New piracy concerns arise for Nintendo 3DS

This article is over 11 years old and may contain outdated information

Recommended Videos

The Nintendo 3DS has managed to thwart piracy threats since its launch, but that doesn’t mean that hackers have stop trying to circumvent security measures that Nintendo has implemented. A new report from Tiny Cartridge suggests that significant progress has been made in recent weeks, with one hacker managing to run custom code on the handheld, potentially opening the door to piracy on the device.

2012 was a great year for the 3DS. After a significant price reduction on the handheld, Nintendo began selling the devices like hot cakes, and going forward, developers could stand to sell millions to the burgeoning install base. However, one developer sees these recent developments on the 3DS hacking scene as a detriment to developing on the handheld, saying that they would need to reconsider developing for the handheld if piracy once again became widespread.

According to indie game developer Jools Watsham of Renegade Kid, opening the 3DS to piracy will see developers like his company dropping support for the device.

“This may open up pathways for pirates to obtain and distribute game on the black market,” says Watsham on his blog. “The good news is that Nintendo has the ability to put up a good fight against pirates due to 3DS system updates and such… If piracy gets bad on the 3DS, we will have no choice but to stop supporting the platform with new games.”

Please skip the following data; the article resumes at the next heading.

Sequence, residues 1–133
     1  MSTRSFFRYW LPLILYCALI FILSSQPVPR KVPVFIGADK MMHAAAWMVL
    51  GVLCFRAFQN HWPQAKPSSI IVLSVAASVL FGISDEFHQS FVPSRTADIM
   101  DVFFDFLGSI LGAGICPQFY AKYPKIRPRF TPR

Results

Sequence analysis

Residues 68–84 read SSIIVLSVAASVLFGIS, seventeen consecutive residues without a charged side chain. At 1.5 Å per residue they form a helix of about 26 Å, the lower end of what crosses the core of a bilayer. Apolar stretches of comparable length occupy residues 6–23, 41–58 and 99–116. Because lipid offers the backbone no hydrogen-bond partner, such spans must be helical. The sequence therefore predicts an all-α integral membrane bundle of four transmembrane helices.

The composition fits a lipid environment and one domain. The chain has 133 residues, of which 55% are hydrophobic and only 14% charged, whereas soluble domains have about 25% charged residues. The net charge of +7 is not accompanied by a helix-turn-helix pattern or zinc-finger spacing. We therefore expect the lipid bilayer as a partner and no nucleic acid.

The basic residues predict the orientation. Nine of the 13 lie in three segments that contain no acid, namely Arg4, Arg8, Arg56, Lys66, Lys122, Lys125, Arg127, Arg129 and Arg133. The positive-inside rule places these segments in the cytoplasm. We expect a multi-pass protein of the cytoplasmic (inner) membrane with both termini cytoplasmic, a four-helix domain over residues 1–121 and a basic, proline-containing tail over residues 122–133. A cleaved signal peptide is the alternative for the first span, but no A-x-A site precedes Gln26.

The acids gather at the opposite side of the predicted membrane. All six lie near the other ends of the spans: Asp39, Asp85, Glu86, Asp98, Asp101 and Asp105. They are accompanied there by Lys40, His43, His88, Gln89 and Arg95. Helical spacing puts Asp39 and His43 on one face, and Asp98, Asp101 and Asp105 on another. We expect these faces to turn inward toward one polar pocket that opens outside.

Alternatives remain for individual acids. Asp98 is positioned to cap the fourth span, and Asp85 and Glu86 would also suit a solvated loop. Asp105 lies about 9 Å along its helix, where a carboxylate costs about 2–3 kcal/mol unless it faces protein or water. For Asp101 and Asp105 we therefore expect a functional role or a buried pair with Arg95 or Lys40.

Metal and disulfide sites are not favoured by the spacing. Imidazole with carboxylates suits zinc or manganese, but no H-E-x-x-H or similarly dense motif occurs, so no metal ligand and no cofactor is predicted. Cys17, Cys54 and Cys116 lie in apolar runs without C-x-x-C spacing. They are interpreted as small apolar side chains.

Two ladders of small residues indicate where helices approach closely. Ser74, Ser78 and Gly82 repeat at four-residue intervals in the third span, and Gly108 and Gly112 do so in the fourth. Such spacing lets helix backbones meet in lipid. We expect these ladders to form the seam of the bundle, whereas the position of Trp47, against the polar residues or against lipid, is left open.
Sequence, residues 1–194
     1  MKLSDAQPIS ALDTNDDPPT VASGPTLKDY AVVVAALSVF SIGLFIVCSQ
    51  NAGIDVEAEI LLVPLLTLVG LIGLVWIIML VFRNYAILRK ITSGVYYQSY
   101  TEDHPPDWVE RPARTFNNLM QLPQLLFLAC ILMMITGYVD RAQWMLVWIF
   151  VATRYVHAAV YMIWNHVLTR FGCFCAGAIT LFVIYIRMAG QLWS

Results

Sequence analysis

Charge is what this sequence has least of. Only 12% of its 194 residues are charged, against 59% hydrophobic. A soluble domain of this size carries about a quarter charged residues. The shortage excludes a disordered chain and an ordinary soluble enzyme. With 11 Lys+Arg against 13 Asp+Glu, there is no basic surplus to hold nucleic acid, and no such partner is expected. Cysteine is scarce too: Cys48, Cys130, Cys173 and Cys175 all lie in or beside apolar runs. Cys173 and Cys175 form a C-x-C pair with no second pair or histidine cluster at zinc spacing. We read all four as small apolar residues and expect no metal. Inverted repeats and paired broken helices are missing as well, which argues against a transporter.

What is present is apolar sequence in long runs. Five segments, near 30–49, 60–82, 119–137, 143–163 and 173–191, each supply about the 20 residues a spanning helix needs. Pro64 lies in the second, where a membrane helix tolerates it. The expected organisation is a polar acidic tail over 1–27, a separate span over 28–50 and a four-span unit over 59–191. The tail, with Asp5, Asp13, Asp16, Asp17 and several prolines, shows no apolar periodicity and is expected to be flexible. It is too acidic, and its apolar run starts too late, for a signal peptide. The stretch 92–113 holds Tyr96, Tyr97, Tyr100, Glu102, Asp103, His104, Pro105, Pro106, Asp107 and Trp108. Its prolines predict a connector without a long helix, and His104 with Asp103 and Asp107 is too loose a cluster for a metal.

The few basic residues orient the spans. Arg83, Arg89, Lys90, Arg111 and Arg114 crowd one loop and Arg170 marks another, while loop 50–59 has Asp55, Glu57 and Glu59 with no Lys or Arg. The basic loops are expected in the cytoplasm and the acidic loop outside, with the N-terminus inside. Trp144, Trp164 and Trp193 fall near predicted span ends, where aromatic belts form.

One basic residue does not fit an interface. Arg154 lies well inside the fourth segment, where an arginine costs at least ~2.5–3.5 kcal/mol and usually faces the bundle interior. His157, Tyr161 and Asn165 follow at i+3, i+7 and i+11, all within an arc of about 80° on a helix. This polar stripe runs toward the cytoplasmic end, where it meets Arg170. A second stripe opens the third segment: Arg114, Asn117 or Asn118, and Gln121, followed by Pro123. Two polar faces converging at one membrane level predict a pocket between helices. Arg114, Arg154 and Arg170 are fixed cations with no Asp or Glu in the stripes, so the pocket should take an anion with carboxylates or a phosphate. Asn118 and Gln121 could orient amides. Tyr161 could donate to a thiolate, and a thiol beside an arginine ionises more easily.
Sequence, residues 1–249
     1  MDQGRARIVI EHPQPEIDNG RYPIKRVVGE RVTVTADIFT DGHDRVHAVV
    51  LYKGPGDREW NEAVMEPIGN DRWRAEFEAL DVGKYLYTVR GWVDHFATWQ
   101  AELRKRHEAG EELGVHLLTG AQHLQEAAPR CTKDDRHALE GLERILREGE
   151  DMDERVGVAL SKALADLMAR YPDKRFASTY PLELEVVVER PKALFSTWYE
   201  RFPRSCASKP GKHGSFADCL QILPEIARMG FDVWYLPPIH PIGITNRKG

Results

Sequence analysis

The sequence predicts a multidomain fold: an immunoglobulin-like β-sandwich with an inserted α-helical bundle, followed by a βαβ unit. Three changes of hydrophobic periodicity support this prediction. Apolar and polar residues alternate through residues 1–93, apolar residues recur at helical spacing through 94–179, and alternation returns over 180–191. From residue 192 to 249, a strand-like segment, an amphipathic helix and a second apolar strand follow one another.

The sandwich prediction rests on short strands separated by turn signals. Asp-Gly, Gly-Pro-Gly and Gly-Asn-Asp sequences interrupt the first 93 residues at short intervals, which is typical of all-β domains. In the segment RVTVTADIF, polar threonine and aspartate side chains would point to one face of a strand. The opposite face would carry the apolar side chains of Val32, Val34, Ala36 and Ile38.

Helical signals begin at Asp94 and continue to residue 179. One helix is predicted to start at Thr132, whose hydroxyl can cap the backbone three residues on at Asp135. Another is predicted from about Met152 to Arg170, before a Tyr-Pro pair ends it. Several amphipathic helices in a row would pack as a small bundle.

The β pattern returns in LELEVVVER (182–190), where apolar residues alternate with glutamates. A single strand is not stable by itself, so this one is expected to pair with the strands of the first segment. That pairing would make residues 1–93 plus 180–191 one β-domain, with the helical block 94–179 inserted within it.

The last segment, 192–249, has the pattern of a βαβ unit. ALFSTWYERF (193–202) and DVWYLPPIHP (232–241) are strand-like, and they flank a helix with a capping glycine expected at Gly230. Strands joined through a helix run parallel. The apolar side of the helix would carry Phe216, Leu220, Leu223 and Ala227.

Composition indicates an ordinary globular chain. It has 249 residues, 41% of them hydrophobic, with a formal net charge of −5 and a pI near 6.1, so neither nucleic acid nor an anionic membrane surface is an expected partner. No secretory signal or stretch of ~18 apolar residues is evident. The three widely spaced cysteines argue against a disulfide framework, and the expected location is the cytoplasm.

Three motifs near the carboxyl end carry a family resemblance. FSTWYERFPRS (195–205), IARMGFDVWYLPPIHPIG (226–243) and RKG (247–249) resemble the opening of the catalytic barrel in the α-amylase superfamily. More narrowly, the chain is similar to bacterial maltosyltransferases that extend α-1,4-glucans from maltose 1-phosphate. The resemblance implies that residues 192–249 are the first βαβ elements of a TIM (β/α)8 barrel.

Watsham also doesn’t believe that piracy leads to more game sales either.

“Some say that piracy leads to more game sales, claiming that it enables players to try before they buy. Bullshit. The percentage of people who will spend money on a game that they already got for free is surely very small – especially with so many free games already in the market. The line between what should/should not be free is getting very blurry.”

As for the hackers that recently discovered this exploit, they’ve made it clear that they do not intend to release these hacks to the public, and are certainly not interested in them for their piracy aspects. Instead, they are looking to help people unlock 3DS devices that are tied to specific regions. However, running custom code on the device is the first step to using unofficial software to play pirated software on the device.

Attack of the Fanboy is supported by our audience. When you purchase through links on our site, we may earn a small affiliate commission. Learn more about our Affiliate Policy